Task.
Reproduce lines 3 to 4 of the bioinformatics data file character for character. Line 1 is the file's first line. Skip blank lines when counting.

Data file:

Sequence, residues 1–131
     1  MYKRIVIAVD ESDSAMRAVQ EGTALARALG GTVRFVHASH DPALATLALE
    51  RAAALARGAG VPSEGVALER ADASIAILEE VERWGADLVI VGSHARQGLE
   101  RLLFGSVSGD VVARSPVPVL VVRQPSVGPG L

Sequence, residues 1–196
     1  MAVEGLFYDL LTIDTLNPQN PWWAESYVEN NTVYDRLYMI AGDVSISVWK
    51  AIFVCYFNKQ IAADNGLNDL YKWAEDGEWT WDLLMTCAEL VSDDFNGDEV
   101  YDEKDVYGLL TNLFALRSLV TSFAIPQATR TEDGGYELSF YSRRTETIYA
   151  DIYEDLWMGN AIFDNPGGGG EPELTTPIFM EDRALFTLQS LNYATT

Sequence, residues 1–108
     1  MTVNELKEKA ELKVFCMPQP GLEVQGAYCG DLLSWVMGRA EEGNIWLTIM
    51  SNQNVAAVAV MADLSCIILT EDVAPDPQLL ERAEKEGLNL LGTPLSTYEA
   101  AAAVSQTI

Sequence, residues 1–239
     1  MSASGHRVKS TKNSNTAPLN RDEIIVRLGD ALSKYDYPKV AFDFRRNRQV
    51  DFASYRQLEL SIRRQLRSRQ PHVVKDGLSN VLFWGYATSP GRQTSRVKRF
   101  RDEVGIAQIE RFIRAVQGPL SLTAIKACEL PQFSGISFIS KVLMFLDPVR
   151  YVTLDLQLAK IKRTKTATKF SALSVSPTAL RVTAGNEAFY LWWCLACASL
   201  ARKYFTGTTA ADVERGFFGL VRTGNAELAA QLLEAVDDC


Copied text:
    51  RAAALARGAG VPSEGVALER ADASIAILEE VERWGADLVI VGSHARQGLE
   101  RLLFGSVSGD VVARSPVPVL VVRQPSVGPG L